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Toronto issued 3 overdose alerts this summer. Advocates are alarmed, but say the trend isn’t new

Toronto Public Health has seen a rise in opioid-related emergency calls this summer, prompting three drug alerts and heightened concern among the city’s medical professionals.

The latest alert was on Sept. 7, after the city recorded 11 suspected fatal overdoses in the previous week alone — representing double the weekly average. It’s a local snapshot of a phenomenon a new report released last week shows is occurring across the province and even throughout Canada, with drug overdose deaths on the rise since the start of pandemic.

“We are in a drug toxicity crisis,” said Dr. Shovita Padhi, the city’s associate medical officer of health.

“We continue to monitor through our drug checking services and encourage people to have their drugs checked, but right now, there’s nothing … that we can determine at this point in time that’s driving these increased calls.”

Advocates say while the public health alerts may speak to a jump in overdose deaths in recent weeks, the issue of contaminated drug supply is not new. And until all levels of government commit to funding more harm reduction services and long-term policy changes, they say the opioid crisis will continue to worsen.

Nat Kaminski is the president of the Ontario Network of People Who Use Drugs, a provincial association that aims to shape drug policy. As a harm reduction worker in the GTA, Kaminski says governments need to “act swiftly” in the face of all of these deaths.

“Until we have something other than a poisoned drug supply to offer people who use drugs, and more funding and supports and services available in every city, we will continue to see people … die,” said Kaminski.

“We need more allies. We need more advocates. We need more funding.”

In Toronto, deaths have been rising, albeit unsteadily, in recent years. According to the city, preliminary data for 2022 shows that there were 508 deaths due to opioid toxicity in Toronto, compared to 590 the year before, representing almost a 100 per cent increase from 2019.

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Padhi says Toronto Public Health is drafting a mental health and addiction strategy to “tackle this crisis from different facets” and is continuing to advocate for supervised consumption services. It’s also requested the federal government to decriminalize all drugs for personal use and shield young people from criminalization within the city. 

In recent years, Ontario has mandated naloxone kits — medication that can reverse an opioid overdose — at high-risk workplaces, and launched a $90 million addictions recovery fund that runs until 2024.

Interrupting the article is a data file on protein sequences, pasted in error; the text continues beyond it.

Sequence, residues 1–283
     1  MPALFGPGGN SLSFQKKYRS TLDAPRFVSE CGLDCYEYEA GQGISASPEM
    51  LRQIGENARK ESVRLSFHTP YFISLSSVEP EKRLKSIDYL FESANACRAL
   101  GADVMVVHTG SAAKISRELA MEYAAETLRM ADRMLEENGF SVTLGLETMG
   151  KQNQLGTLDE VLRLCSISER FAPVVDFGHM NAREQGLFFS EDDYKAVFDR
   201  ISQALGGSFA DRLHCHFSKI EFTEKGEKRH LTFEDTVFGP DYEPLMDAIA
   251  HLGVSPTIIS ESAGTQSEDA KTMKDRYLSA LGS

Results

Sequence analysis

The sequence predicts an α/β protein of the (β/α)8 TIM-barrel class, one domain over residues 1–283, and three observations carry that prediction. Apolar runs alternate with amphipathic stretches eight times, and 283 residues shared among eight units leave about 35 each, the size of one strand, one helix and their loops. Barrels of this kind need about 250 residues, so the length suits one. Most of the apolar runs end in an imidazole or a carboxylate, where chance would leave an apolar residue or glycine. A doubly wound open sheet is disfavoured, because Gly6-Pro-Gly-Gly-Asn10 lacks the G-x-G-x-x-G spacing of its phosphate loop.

Similarly, the federal government, in its latest budget, said it would invest $46.2 billion for provinces and territories to provide Canadians with “access to timely, equitable mental health and substance use services.”

Boost funding and services: harm reduction workers

Karen McDonald, team lead at harm reduction program Toronto’s Drug Checking Service, says the main thing driving overdose deaths is the “contaminated” as well as “toxic and unpredictable” illicit drug market.

McDonald says samples from the black market increasingly show a combination of high-potency opioids, inconsistent dosages and other central nervous system and respiratory depressants mixed in. The free and anonymous service has checked over 5,000 drug samples since opening in 2019.

“There’s no surprise that this is continuing to happen,” said McDonald.

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Dayn Kent is the Coordinator of Bevel Up Consumption and Treatment Services at the Regent Park Community Health Centre.

Since there’s a limit to the number of available and accessible harm-intervention services in the city, let alone the province, drug alerts are helpful in getting the word out, said McDonald.

But as a frontline worker, Dayn Kent says he sees the damage the latest strain of drugs is having on his community in real time, before drug alerts are issued to the public.

The coordinator of the consumption treatment service, Bevel Up at Regent Park Community Health Centre, says that’s precisely why such services need to be expanded with increased funding and staffing. 

He points to his program, which has the capacity to administer a safe supply of opioids to about 45 people at any given time. That’s in contrast to the some 700 unique individuals who access the centre’s health services for drug-related concerns throughout the year.

“We need to get that safe supply up to three or four or 500 people … before we really start to see trends affecting the overall trajectory of substance use in our neighbourhoods,” said Kent.

To stay safe, McDonald says people can try to do smaller doses in the absence of drug checking to see how they react to the drug, and speak to workers in the community to understand what drugs are circulating. 

Kaminski adds it’s important people don’t take drugs alone, and that companions learn how to use naxolone if it’s ever needed.

“People who use drugs deserve … a right to life,” said Kaminski.

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